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Financial volatility obeys two well-established empirical properties: it is fat-tailed (power-law distributed) and it tends to be clustered in time. Many interesting models have been proposed to account for these regularities, notably agent-based computational models, which typically invoke complicated mechanisms, however. It can be shown that trend-following speculation generates the power law in an intrinsic way. But this model cannot exaplain clustered volatility. This paper extends the model and offers a simple explanation for clustered volatility: the impact of exogenous news on traders’ expectations. Owing to the famous no-trade results, rational expectations, the dominant model of news-driven expectations, is hard to reconcile with the incessant high-frequency trading behind the volatility clustering. The simplest alternative model of news-driven expectations is to assume that traders have prior views about the market (an asset’s future price change or its present value) and then modify their views with the advent of a news. This simple news-driven random walk of traders’ expectations explains volatility clustering in a generic way. Liquidity plays a crucial role in this dynamics of volatility, which is emphasized in a discussions section.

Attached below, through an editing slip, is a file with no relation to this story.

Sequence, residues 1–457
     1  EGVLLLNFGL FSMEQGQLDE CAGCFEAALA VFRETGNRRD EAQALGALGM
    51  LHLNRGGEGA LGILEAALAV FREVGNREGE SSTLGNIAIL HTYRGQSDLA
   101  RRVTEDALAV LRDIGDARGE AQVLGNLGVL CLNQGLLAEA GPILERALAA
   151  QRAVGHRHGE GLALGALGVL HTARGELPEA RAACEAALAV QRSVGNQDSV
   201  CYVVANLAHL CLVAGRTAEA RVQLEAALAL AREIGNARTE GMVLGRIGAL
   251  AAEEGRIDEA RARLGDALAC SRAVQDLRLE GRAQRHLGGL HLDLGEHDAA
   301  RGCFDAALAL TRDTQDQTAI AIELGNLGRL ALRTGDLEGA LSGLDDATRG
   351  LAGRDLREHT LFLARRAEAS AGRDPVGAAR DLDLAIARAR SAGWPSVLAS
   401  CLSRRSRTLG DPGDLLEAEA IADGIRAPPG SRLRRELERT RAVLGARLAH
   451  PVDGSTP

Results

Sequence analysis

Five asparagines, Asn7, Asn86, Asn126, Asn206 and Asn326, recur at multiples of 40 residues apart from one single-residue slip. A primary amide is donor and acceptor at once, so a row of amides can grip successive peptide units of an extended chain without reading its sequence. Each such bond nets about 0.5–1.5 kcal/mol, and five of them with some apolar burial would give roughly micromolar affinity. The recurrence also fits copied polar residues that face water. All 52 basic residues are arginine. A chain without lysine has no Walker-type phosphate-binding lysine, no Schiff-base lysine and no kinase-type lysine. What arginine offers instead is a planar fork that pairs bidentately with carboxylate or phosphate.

ESI Working Paper 19-33

This paper was later published as:

Inoua, S. M. (2020). News-driven expectations and volatility clustering. Journal of Risk and Financial Management, 13(1):17.

and is available in Chapman University Digital Commons here.



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